My introduction to AUCD marked a new chapter of my life. It is a blessing that I can now call many of the AUCD network members my mentors, colleagues, and friends.
The individual elements of the AUCD mission such as advocacy, research, policy, and disability rights, were not new to me. I grew up in the disability system; I did not need convincing about the importance of training. In the early 90s I was the little girl being shuffled from occupational therapy to physical therapy to recreational therapy to speech therapy, seeing specialists, having surgeries, and having IEP meetings. From my experience as a patient, I know firsthand how important it is to have properly trained professionals on a care team, and the difference it can make to a child and family.
I know personally how important it is to have a good transition for young adults with disabilities because mine was awful. Not many people know this, but I barely graduated from college. My disability supports were inadequate or non-existent. These experiences fueled my desire to be involved in disability advocacy.
My first job out of college was as a disability advocate for an independent living center. Throughout my twenties I learned through mistakes and successes what it means, personally, to be a successful young adult with a disability.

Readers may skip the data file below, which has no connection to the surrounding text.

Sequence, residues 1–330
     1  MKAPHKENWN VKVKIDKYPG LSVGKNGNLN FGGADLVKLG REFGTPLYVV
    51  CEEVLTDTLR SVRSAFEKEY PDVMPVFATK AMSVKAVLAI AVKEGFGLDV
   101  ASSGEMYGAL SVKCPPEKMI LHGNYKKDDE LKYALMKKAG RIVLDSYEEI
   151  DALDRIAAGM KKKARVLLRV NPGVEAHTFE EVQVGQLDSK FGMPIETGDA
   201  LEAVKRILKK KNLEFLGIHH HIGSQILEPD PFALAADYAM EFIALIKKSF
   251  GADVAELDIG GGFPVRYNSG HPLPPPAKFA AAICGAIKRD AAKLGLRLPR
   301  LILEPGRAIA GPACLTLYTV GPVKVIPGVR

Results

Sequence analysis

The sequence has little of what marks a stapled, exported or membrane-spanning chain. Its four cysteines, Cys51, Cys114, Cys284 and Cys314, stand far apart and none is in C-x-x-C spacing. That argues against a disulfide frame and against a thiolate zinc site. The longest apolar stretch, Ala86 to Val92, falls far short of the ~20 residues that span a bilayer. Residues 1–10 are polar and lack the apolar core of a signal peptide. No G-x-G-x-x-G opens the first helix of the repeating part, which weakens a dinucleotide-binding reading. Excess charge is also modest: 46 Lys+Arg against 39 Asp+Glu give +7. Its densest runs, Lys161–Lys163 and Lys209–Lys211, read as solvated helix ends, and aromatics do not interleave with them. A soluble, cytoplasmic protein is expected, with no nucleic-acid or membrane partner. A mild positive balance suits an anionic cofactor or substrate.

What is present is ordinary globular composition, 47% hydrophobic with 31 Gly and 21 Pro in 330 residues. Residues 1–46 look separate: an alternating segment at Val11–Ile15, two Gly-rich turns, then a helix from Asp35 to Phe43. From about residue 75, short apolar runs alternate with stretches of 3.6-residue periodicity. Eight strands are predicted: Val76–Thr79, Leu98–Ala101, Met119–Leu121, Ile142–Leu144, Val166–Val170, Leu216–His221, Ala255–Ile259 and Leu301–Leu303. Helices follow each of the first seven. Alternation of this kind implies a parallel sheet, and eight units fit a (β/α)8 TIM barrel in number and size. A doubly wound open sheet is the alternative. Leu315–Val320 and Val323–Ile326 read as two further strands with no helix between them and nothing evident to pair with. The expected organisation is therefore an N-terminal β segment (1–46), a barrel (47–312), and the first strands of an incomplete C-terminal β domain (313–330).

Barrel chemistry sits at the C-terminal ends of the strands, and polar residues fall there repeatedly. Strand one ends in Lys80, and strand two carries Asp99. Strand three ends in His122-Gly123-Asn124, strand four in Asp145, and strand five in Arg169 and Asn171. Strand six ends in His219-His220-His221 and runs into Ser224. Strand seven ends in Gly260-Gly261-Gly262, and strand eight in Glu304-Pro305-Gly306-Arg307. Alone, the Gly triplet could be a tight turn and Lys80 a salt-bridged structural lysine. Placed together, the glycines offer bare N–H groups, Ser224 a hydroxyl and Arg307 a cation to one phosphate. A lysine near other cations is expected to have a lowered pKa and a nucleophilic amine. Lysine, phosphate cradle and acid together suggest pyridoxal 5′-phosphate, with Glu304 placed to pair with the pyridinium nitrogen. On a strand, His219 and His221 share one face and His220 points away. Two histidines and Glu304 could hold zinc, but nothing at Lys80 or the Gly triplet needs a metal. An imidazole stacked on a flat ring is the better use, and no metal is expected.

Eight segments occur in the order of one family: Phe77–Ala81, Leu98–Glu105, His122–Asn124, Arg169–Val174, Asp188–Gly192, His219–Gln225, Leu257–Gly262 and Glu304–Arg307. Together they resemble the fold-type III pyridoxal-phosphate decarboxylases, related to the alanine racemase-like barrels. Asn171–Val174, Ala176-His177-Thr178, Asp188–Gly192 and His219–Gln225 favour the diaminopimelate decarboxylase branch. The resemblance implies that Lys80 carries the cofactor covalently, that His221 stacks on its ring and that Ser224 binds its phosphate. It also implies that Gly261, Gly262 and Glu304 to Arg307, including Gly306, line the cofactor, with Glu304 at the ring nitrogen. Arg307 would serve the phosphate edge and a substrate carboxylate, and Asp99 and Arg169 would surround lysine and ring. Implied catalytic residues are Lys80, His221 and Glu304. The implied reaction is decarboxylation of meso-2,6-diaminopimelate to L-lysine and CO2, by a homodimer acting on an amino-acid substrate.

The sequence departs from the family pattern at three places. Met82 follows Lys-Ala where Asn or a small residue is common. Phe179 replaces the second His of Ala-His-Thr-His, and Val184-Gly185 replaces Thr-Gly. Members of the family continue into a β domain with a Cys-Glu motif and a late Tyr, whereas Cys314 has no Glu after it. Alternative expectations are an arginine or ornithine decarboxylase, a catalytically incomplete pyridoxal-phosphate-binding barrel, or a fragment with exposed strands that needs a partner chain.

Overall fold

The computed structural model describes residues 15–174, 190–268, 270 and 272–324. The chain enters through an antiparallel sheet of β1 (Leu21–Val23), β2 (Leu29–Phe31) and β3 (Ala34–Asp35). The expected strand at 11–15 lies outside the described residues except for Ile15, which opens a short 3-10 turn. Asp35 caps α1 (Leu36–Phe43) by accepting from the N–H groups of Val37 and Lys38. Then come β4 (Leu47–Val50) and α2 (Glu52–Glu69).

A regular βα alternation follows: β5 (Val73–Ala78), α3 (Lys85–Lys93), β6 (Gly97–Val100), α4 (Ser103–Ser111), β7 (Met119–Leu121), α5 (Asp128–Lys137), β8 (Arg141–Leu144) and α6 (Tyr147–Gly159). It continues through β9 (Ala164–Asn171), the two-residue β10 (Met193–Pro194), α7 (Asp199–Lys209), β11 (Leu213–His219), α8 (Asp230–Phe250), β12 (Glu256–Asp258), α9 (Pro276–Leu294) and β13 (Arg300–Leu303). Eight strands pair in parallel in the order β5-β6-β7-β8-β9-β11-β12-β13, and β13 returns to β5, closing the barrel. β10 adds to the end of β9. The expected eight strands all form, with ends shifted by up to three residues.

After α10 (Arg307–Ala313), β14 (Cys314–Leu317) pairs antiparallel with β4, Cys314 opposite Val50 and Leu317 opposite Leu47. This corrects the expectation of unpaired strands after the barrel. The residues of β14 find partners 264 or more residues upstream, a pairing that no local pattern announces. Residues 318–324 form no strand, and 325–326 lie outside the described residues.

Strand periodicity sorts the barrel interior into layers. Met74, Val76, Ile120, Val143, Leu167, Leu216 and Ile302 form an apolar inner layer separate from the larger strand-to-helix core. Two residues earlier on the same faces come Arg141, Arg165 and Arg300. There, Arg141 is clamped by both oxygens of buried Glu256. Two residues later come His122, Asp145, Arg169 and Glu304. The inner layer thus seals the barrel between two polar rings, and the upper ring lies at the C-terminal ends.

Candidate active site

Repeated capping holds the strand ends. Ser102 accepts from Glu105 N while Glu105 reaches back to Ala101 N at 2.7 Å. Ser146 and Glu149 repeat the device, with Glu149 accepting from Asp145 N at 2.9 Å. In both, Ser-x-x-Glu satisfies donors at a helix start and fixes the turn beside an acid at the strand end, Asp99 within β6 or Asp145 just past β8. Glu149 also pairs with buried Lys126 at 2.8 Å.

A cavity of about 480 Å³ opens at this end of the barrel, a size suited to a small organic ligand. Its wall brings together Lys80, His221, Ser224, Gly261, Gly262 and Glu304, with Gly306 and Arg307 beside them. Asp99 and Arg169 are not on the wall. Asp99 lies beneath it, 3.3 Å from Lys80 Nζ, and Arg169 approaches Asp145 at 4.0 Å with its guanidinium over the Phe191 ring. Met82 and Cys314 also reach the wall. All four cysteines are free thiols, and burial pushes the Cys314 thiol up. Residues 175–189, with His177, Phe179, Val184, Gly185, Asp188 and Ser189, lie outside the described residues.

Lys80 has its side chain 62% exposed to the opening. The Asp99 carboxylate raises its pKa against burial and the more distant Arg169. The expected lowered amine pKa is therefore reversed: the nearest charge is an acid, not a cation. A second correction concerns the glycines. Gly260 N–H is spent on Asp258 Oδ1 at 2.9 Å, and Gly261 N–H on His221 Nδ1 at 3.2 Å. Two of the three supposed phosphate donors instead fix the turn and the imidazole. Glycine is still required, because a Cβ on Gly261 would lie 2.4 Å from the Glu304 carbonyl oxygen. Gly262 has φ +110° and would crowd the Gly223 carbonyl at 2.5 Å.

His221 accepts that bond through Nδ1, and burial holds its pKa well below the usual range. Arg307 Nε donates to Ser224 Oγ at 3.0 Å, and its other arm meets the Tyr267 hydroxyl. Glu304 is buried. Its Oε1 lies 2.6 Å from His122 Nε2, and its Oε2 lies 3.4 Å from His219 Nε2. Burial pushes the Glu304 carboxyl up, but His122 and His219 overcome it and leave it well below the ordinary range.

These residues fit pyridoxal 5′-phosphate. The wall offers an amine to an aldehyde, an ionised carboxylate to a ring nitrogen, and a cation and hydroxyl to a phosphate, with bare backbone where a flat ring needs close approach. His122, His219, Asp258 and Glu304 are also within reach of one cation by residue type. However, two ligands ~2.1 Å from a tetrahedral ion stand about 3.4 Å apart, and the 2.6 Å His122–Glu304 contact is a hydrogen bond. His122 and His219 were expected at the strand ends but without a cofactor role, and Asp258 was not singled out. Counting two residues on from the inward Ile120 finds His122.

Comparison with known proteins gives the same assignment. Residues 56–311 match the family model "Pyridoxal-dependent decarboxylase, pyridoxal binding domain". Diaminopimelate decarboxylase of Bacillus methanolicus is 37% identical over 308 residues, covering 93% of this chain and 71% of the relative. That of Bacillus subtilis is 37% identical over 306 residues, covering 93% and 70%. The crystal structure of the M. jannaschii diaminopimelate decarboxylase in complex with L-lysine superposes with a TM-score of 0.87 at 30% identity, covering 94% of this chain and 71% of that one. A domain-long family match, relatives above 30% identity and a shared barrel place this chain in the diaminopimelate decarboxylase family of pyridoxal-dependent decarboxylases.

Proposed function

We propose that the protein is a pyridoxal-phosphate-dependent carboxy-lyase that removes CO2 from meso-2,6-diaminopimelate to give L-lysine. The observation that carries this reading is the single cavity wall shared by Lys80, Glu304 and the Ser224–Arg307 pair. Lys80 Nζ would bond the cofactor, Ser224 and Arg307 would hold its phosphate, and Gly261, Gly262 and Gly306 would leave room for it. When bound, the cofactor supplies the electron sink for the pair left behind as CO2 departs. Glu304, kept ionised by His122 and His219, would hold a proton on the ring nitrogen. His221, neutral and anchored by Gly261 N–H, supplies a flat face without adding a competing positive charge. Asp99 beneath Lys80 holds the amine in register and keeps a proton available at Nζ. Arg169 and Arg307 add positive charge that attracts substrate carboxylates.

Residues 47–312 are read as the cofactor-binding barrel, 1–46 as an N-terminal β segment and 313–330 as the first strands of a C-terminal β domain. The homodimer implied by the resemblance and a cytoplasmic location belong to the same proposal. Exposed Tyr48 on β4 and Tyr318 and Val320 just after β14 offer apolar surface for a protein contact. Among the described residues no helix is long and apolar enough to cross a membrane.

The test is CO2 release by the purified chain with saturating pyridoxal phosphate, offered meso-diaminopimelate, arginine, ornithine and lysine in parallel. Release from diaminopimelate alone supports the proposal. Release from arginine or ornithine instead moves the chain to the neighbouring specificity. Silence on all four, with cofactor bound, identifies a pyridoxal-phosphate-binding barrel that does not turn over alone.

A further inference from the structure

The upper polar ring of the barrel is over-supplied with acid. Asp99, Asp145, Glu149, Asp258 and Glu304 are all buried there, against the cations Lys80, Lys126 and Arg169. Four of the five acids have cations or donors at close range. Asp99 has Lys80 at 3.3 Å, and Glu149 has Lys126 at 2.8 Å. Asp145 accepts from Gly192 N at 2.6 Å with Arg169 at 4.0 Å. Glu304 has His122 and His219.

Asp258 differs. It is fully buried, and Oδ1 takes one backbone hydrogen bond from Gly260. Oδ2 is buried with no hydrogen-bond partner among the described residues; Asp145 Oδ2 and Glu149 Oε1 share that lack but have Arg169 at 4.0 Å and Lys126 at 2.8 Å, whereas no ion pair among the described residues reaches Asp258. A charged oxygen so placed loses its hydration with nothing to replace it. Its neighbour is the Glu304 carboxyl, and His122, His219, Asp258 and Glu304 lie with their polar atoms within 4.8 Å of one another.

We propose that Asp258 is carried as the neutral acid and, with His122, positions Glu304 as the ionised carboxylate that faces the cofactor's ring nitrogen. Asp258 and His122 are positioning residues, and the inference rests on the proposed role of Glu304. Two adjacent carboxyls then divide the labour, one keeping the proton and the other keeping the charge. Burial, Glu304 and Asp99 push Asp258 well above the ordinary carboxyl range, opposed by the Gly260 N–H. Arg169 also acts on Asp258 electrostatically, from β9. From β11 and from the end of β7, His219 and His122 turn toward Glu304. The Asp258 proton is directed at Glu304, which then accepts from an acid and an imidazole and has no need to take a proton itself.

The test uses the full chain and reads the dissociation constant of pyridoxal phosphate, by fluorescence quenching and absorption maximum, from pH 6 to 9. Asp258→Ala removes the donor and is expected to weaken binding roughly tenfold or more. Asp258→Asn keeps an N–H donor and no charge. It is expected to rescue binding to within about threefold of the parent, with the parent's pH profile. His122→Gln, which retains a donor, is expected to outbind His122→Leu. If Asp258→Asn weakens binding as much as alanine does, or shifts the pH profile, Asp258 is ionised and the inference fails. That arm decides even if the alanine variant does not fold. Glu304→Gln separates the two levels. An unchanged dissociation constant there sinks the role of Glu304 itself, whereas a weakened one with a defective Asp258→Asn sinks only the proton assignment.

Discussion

I eventually built up the confidence to go back to school and get a Masters degree in Social Work. It was at Fordham University where I was introduced to the LEND program at the Westchester Institute for Human Development. The more I read about AUCD, UCEDDs, IDDRCs and LENDs the more I felt at home, and knew a traineeship was something I had to do.
My LEND year was the best educational and career decision I have made. It was so much more than an internship to fulfill a graduate requirement. Without LEND I would not have the life I have today. I grew as a person, learned skills in research and advocacy, and began to understand that I can be a leader. In addition to the weekly training, I was able to go to the AUCD Conference and the Disability Policy Seminar, both times making valuable connections which have been enduring and life changing.
After graduation, I moved to Baltimore for what I thought was my dream job as a research analyst. A few months later, due to funding cuts, my supposed dream job disappeared. I reconnected with my LEND colleagues and eventually was hired at the Maryland UCEDD. I now help grow a UCEDD when just two years prior a UCEDD was helping to grow me. Looking back, I have the multifaceted experiences of being the special needs little girl, the struggling adolescent and twenty-something, the eager trainee, and now the disability professional working to improve the lives of others. None of this chapter of my life would be possible without the combined efforts of the AUCD network.
Lizzy Hall, MSW
Evaluation & Development Coordinator
Kennedy Krieger Institute